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On a recent visit to Venice, when I was waiting in the customs line
at the airport, a couple in front of me was chatting in Russian, and there was a
Russian family of four behind me. The Italian official checking passports spoke
Russian to them.

Later while in Milan, I spotted six Russian women loaded with shopping bags
taking possession of a table at a trendy restaurant near Via Spiga. A man with
three children, all of them wearing bright green and orange jackets, asked an
Italian waiter for a table, in Russian. The waiter immediately led them to their

At my hotel in Venice, there were six Russian-language channels available on
the television, and only three in Spanish. A few days later in London, I read an
article about how wealthy Russian investors, uneasy about keeping all their
money in Moscow, are buying property in London, which has caused real-estate
prices to spike in what is already one of the world’s most expensive cities. In
Miami, where I live, one frequently hears Russian spoken in clubs, malls and
luxury restaurants.

Indeed, it seems these days that the Russians have invaded, with the intent
of spending money. It’s understandable. Very few people were allowed to leave
the Soviet Union before it collapsed in December 1991. After 15 independent
nations emerged from the breakup of the union, it took many years for their
economies to make the painful transition from the old Soviet system to a market
economy. (Though a few people did make fortunes from the privatization of
state-owned companies, which sparked the global Russian shopping spree.)

It was a tremendous shock for people to have to embrace capitalism after
decades of communism, and it certainly wasn’t easy for post-Soviet Russia to
cede its role as a superpower. As part of the Soviet Union, the Russian military
controlled thousands of nuclear missiles; the country was both feared and
respected. After 1991, the Russian people were jolted by the shift from a
one-party political system to a relatively democratic one. Fifteen years after
those two shocks, more than 66 percent of Russians resented the loss of the
Soviet Union.

But those memories have faded, the economy is stronger – and Russians want
more. More power. More reach.

Nobody embodies the new Russia more than President Vladimir Putin.
The one thing that he doesn’t want is a lesson in democracy from the United
States government, which, as he likes to remind people when he is criticized by
human-rights groups, invaded Iraq for no good reason more than a decade ago;
keeps dozens of enemy combatants in Guantanamo without filing charges against
them; and has secretly collected phone and email records from millions of people
around the world.

So while some super-rich Russians are enjoying their prosperity, Putin is
taking bows on the world stage, basking in the attention he has been receiving
and invoking some nostalgia for the Soviet era. The Winter Olympics in Sochi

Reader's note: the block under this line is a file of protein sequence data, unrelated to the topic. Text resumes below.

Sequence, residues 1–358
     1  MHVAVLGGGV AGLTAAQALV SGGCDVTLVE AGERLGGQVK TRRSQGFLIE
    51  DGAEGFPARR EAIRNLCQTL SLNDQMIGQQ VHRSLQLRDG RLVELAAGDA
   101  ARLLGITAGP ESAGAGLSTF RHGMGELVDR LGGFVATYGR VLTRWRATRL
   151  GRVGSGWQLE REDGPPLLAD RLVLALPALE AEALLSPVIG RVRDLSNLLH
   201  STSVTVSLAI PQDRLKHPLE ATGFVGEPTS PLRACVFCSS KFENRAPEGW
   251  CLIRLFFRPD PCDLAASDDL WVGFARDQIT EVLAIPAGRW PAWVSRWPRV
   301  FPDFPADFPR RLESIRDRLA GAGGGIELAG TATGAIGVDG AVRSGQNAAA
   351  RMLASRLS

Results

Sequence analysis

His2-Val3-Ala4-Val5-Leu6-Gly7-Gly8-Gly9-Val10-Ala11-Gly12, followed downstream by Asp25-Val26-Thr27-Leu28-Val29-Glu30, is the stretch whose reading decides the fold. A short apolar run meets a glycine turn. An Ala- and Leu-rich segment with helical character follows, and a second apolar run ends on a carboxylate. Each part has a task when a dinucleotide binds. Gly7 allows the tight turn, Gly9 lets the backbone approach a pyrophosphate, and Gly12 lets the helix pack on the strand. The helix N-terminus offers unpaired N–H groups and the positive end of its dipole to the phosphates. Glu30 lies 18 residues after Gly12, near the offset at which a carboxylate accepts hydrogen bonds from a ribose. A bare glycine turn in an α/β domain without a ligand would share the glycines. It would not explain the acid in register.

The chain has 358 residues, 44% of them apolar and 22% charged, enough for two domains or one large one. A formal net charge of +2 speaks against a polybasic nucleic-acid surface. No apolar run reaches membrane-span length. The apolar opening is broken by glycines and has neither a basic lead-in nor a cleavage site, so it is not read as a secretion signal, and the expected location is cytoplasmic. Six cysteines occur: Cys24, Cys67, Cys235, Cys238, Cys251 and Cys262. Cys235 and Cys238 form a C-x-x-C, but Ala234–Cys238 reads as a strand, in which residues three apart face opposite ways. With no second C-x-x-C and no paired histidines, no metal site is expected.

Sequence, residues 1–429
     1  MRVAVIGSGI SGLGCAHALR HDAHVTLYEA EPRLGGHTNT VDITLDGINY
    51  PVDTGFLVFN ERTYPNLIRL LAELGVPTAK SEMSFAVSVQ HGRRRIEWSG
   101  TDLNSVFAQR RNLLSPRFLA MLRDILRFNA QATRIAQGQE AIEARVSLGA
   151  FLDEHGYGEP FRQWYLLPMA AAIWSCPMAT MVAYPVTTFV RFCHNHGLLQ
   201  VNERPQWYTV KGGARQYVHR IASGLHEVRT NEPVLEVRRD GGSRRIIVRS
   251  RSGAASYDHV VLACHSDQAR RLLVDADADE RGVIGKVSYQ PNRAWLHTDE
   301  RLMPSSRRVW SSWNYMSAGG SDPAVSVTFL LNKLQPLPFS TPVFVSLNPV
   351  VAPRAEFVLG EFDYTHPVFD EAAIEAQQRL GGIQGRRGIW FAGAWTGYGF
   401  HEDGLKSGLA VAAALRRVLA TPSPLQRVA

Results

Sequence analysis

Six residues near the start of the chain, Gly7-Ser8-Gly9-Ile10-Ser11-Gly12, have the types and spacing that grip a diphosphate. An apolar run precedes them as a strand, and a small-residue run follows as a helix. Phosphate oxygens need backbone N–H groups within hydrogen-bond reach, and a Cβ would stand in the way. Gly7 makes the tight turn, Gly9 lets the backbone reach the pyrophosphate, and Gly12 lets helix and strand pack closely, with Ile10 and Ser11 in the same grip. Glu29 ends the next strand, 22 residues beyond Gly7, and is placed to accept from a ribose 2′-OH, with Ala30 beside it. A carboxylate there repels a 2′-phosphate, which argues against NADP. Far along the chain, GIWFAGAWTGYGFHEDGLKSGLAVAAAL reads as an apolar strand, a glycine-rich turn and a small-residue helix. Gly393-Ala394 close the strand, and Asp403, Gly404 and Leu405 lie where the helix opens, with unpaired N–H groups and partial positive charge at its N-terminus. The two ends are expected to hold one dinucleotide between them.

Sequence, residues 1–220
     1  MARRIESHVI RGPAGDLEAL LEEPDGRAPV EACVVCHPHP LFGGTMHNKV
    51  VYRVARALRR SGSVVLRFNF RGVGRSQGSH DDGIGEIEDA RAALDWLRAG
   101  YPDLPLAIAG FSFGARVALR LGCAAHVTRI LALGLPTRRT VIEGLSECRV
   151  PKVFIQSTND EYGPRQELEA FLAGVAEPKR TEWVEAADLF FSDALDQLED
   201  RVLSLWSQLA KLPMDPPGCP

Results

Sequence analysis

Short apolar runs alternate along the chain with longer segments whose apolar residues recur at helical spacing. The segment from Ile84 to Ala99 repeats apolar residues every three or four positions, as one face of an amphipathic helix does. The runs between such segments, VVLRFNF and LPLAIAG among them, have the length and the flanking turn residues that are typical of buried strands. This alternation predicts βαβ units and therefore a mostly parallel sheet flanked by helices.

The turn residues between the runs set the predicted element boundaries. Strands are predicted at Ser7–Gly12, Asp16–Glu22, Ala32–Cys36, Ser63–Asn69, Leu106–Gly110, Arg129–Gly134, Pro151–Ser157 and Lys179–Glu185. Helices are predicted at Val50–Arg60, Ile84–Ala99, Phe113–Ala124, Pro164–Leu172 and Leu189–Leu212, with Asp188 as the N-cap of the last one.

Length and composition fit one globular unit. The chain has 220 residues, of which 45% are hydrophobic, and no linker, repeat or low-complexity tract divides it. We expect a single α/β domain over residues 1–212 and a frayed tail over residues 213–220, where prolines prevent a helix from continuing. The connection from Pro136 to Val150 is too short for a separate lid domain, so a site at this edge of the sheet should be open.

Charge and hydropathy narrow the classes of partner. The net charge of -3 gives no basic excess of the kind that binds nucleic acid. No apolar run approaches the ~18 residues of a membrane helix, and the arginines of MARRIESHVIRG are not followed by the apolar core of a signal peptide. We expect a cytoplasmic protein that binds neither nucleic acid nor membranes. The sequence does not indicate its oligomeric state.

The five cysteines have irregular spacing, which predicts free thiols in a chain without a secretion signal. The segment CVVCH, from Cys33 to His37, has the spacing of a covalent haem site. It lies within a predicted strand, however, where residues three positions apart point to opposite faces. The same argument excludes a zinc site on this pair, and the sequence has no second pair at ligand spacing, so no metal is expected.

were a big success this year, and Russian officials are already preparing to
host the World Cup in 2018.

But Putin has taken the nostalgia for a bygone era a few steps too far.
First, he made sure that any actions against the regime of Bashar Assad in Syria
were blocked in the United Nations Security Council last year, and then this
year his military invaded Ukraine and annexed Crimea. Both situations have led
to dismal diplomatic relations with the United States and its NATO allies in the

Nations that wish to challenge Putin have few options. Russia’s 12,000
nuclear warheads rule out the possibility of military intervention, even when
the country threatens one of its neighbors and rolls tanks up to its borders.
The only real option available to President Barack Obama and the other leaders
of Western nations is to impose economic sanctions – moves that would isolate
Russia in the hopes that Putin will come to his senses. But, as Obama recently
explained at the recent G7 meeting in The Hague, Putin’s bravado comes “not out
of strength, but out of weakness.”

I agree. Putin knows that the Russian empire’s days are past. While he is
busy showing off his military prowess, the Russians who are truly conquering the
world are those with purchasing power, and they’re taking over one ruble at a

By Jorge Ramos Avalos.

(April 8, 2014)

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Jorge Ramos has been the anchorman for Noticiero Univision since 1986. He writes a weekly column for more than 40 newspapers in the United States and Latin America, and provides daily radio commentary for the Radio Univision network. Ramos also hosts Al Punto, Univision’s weekly public affairs program offering analysis of the week’s top stories, and Fusion’s AMERICA with Jorge Ramos, a news program geared towards young adults. Ramos has won eight Emmy awards and is the author of ten books, most recently, STRANGER - The Challenge of a Latino Immigrant in the Trump Era.

A survey conducted by the Pew Hispanic Center found that Ramos is the second most recognized Latino leader in the country. Latino Leaders magazine chose him as one of “The Ten Most Admired Latinos” and “101 Top Leaders of the Latino Community in the U.S.”